“The wind turbine industry has to make wind turbines, the module industry has to make modules. These players need to invest in their own manufacturing plants and at the same pace as the industry around the globe.”
When you are doing something for a good purpose that’s larger than yourself, the business details become just that, details.
There are other challenges to navigate, as well. “As renewables increase their share of overall power supply, investments need to be made in grid stability,” he says, especially to manage the intermittent nature of these wind and sun-powered energy sources. “These are not 24-hour supply sources, although the demand for them is.”
These questions around integrating unstable sources, such as renewables into an energy grid, need to be answered by every country across the world, he says, adding that, like India, “most are already starting to think about the answers”.
Its single largest solar project is a 300-megawatt installation in Rajasthan, India, which has been fully operational since 2020. On the wind side, the largest is a 120- megawatt complex in Andhra Pradesh. But Srivatsan is also aware that land availability is another constraint to achieving its stated supply goals.
“These projects are not necessarily going to get any larger,” he says, adding that a 300-megawatt site requires up to 600 hectares of land. Instead, he predicts that going forward, such large-scale installations will be balanced out with sites of the same capacity, but spread across different locations “on a smaller scale where land may be available”.
Such challenges make the cultivation of long-term suppliers and vendor relationships over the short-term gains that come from putting every new project out to tender all the more crucial. “Yes, the bid and the request for proposal process is important, but what is more important is building relationships with your strategic partners over the long-term,” he explains. “That way they understand you, you understand them and they even invest based on your needs.”
We want to partner with suppliers who are the leaders in their fields, the ones who are moving technology forward rather than following it.
The latter is something particularly important in an industry such as his where technology moves on at the speed of light. “We want to partner with suppliers who are the leaders in their fields, the ones who are moving technology forward rather than following it,” he says. “In our world, particularly in the wind turbine and solar module markets, there are a clear few global leaders and here, in particular, we tend to focus on just a few suppliers and look to build a long-term relationship with them.”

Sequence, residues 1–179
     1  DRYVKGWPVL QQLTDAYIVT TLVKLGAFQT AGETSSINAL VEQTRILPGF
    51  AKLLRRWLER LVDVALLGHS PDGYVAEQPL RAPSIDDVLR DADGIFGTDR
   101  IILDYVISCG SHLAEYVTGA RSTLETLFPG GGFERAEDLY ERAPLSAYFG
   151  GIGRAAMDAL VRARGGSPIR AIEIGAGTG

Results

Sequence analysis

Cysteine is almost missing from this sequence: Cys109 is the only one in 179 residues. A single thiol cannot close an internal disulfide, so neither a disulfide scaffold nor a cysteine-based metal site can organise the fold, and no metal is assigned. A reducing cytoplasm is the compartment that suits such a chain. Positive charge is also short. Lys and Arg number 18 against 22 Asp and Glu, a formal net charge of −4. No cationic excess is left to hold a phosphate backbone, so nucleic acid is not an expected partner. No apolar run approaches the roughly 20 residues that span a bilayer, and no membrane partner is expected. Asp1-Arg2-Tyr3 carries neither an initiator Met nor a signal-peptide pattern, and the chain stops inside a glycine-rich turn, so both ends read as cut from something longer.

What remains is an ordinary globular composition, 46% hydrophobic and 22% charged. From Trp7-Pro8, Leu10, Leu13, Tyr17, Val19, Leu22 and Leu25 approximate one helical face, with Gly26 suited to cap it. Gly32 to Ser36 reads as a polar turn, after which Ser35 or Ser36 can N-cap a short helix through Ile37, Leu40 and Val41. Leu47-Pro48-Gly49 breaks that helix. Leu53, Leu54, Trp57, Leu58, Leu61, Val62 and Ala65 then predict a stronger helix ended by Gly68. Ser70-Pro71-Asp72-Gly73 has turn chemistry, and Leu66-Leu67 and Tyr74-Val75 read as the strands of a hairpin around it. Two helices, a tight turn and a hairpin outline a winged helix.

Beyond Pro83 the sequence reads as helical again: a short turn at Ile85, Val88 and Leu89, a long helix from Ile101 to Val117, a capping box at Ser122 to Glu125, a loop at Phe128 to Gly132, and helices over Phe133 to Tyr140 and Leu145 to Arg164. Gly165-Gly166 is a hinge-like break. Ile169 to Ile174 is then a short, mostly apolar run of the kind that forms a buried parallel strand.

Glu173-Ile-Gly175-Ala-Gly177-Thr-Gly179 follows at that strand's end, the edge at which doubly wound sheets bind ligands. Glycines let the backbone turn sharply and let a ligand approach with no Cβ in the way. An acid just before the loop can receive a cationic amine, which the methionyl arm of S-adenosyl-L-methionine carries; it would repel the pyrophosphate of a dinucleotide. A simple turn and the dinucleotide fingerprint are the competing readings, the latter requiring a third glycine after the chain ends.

Beyond solar and wind, the company is expanding into new solutions in the clean energy space, such as battery energy storage, particularly for the value it offers in terms of modularity, quick response and space-saving characteristics.
State-of-the-art investments have also been made in floating photovoltaics, drone diagnostic tools for planning, construction and maintenance and AI for real-time monitoring and optimisation. Agrivoltaics, or the use of land for both solar power and agriculture, is also one of the new concepts under current consideration.
As goes without saying, sustainability is a guiding light within the company. “The purpose isn’t just about increasing shareholder value and making money. For us, the bigger purpose we are working towards is a commitment to a cleaner, more sustainable world,” he says.
“For example, we’ve been using Airtouch’s robotic cleaning solutions for solar modules at our Bhadla plant with good results. They’re easy to use, economical and most importantly, helps us save 4.5 million gallons of water annually, thus making our operations sustainable. Deploying these robots has had a positive impact on our operations, besides shrinking the cleaning cycle.
“We have an internal motto that says, ‘people positive, planet positive and water positive’, or, in other words, do good for the people, for the planet and for the water systems.”
When you are guided by an overarching purpose, and bolster it by surrounding yourself with the right kind of people, then Srivatsan is a firm believer that everything falls into place. “When you are doing something for a good purpose that’s larger than yourself, the business details become just that, details,” Srivatsan says. “You’ll meet your financial goals and operational targets. The business will be successful on its own.”